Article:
By now I’m intoxicated by Jamaica’s potential to be the next hockey Mecca, and after taking a safari on the Black River I decide the future NHL team should be called the Kingston Crocodiles. During this one-and-a-half-hour journey in an open-air motorboat on the country’s longest navigable river (53 kilometres), we spot two American crocodiles beneath the mangroves. They grow as big as five metres and 544 kilograms in these peat-darkened waters. One of the crocs opens its jaws like a Disneyland animatronic creature.
Are they dangerous? “Not usually, unless a mother’s protecting her babies or you're bleeding,” says our captain, Cornell, who illustrates this by stopping the boat, stripping down to his underwear, and hopping into the river. “He’s a big animal, but he has a small brain.” I intuitively grasp the similarity between the crocodile and Todd Bertuzzi.
Heading to Jamaica’s westernmost tip, where the resort town of Negril provides non-stop partying, I glimpse more of the country’s hockey future. Cardio training and beer? Sure. I run the rollicking annual Reggae Marathon 10K race in 25 C heat at 5 a.m., then rehydrate seaside on Red Stripe ginger lager. In Negril, I also discover that—by the standards of a hockey traditionalist—Jamaicans are way too prone to diving. The spectacular sunset plunges of local divers from 30-foot cliffs at Rick’s Cafe would surely incur Don Cherry’s wrath. (“Ya can’t be flopping around like that, kids!”)
Before flying home from Montego Bay, I grab a final meal at the famous Scotchies jerk shack, just off Highway 2000. If you believe you are what you eat, jerk chicken—grilled over sweetwood and served chewy with hot sauce and breadfruit—is the perfect fuel for future Jamaican answers to Brad Marchand and Dave Bolland.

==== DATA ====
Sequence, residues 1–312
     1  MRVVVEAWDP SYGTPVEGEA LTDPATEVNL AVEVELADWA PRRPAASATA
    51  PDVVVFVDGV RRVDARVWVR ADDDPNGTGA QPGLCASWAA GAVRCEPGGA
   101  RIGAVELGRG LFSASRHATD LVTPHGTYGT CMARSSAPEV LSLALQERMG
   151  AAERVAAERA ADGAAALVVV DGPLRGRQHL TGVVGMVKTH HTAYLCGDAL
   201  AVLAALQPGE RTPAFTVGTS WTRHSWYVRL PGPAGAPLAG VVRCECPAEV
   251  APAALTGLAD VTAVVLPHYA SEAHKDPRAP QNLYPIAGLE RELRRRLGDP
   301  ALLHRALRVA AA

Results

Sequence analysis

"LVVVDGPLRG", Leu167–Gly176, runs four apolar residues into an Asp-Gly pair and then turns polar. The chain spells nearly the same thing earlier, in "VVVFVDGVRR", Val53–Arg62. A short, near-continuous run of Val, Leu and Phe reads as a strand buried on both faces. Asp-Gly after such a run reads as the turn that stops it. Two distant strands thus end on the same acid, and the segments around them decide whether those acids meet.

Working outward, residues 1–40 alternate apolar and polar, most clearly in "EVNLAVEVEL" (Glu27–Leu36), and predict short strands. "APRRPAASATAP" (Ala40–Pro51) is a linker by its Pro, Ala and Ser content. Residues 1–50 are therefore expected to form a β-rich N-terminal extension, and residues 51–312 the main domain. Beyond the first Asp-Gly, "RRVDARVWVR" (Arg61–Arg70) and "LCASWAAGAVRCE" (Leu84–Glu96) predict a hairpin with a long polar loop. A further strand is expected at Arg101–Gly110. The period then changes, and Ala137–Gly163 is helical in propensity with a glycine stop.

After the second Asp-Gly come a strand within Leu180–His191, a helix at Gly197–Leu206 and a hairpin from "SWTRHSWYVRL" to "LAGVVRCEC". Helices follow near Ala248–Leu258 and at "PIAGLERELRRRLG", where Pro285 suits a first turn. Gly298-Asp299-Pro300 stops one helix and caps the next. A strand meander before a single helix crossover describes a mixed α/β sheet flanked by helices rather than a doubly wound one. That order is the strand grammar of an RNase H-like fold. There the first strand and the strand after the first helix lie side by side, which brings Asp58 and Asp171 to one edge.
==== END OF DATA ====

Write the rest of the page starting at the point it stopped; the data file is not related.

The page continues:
Will the Jamaican Olympic Ice Hockey Federation realize its ambitious goal of qualifying for the 2018 Winter Olympics? Seems dubious, but don't rule out Cool Skatings.
Mandeville-born entrepreneur Jason Henzell operates Jakes Hotel on the South Coast, and chairs the board of the Breds Treasure Beach Sport Park and Academy, a 6.9-hectare youth sports tourism venture.
What’s the relationship between the hotel and the sports park?
People are becoming more concerned about their health. We offer yoga and personal trainers, mountain biking—we have some great trails. Jakes is the largest employer in the village, and so we want to bring fitness into Treasure Beach’s identity with the sport park.
What have you learned from developing the sports park?
That it’s important to build partnerships, to have good coaches and to articulate a vision of what you want to do.
How are you being innovative?
We’re one of the only hotels in Jamaica that owns its own private airdrome.
What’s your main challenge in attracting foreigners?
Treasure Beach is an unknown destination. Once we can bring a coach here, that goes away. A coach actually prefers to have a team in a more isolated area where there are fewer distractions.
What does the future hold?
We’ve created a festival called the Jamaica Soccer Cup. Next, we want to build a Jamaica Cricket Cup and Jamaica Tennis Cup. We also have a program called Edusport with community coaches that visit schools. It’s not just about winning and losing. We want to have a social and economic impact.